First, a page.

By Steve Moran

I got a text in the middle of the night about a story out of Riverside, California involving a nursing home that was under an emergency evacuation order from the county’s public health officer. The reason:

Only 1 of 13 CNAs showed up to work for the day shift, two days in a row.  

Kaiser and the University healthcare system stepped into the breach sending in 33 nurses to care for residents until they could be moved.

15 ambulances came and started moving residents:

  • 15 residents went to a nursing home 60 miles away
  • 7 went into the local hospital system
  • 5 went to local hospitals
  • 28 went to a special field hospital 70 miles away

Beyond this, I have heard several stories about how other communities have had staff who threatened to walk out unless they received more money and in some cases better access to PPE.  

Staff Is Everything

I know saying staffing is everything is almost redundant but we need to figure this out. We need to:

  • Pay enough so staff do not have to work in more than one community
  • Make sure there are childcare resources for staff
  • Ensure staff safety is the highest priority
  • Be thinking about what else team members might need; transportation, groceries, even basic supplies.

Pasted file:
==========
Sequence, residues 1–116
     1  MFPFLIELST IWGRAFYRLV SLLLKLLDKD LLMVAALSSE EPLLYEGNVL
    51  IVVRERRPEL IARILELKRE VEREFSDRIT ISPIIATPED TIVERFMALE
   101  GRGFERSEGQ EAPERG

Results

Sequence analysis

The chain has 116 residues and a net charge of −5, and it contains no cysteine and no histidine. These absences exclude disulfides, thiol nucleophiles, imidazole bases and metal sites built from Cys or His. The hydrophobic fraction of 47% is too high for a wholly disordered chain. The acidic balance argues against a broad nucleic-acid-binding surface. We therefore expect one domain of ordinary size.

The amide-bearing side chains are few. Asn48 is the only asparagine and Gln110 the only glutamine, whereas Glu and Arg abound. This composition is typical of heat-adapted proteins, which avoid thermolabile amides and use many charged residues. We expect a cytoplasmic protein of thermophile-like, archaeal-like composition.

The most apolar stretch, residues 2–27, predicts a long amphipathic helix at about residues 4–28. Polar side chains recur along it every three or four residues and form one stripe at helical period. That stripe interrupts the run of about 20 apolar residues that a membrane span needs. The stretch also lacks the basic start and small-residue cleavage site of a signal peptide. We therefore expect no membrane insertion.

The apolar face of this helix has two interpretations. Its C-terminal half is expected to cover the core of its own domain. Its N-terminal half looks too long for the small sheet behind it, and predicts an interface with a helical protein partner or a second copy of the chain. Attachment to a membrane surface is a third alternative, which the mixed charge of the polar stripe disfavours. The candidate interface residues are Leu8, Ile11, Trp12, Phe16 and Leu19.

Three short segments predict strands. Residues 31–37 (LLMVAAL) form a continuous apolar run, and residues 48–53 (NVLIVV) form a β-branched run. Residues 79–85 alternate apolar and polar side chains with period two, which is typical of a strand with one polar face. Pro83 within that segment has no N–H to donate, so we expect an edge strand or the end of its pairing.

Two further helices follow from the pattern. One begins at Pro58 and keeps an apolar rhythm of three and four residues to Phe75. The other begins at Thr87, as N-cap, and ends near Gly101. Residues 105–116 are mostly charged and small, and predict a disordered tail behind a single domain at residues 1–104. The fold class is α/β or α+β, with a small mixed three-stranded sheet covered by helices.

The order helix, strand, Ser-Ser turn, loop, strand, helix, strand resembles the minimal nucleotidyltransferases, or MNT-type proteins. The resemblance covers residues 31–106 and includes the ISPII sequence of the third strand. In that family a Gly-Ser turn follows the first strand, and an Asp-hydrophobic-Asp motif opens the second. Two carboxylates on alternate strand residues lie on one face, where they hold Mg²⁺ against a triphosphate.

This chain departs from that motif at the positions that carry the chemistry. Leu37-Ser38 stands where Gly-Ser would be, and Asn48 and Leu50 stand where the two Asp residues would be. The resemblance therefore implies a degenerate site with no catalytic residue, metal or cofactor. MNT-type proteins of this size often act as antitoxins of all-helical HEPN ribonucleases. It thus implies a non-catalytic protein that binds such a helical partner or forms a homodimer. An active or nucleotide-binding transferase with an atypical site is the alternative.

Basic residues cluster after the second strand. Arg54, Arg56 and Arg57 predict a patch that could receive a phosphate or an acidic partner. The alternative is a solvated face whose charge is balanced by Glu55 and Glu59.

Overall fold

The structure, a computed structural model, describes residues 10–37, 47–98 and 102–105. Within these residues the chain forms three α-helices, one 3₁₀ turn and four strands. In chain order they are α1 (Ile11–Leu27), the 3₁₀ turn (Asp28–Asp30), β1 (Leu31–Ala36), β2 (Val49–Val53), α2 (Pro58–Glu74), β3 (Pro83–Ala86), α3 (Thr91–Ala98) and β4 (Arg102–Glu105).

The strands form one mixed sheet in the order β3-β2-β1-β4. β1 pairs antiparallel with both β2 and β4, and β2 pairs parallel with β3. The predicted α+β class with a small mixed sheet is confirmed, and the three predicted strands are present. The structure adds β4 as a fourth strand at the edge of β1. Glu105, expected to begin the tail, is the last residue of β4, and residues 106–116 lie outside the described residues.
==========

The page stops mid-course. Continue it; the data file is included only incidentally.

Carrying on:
There is one other factor that may be coming into play here. With the extra unemployment benefits being paid by the federal government, caregivers in most states will end up making more money on unemployment than working. They will be safer and will not need to worry about childcare. This could be a major factor for the next couple of months.


I am listening to a webcast from NIC and there seems to be a sense that this COVID-19 challenge will be relatively short term. I am not so sure. I think we will see communities and companies that do in fact come back to near normal, but we will see communities that struggle and communities that close.

It seems likely that we will need to become more serious about how we serve our teams. They are likely to demand better treatment and better compensation. I expect to see a bifurcation of operators. There will be operators who took care of their teams and who will continue to take care of teams. They will become preferred providers.

There will be another class of operators who will try to go back to the old normal and it will not go well. They will end up with lower quality team members and will struggle with occupancy.

While this is a terrible tragedy for so many people, I do believe it will make the industry stronger.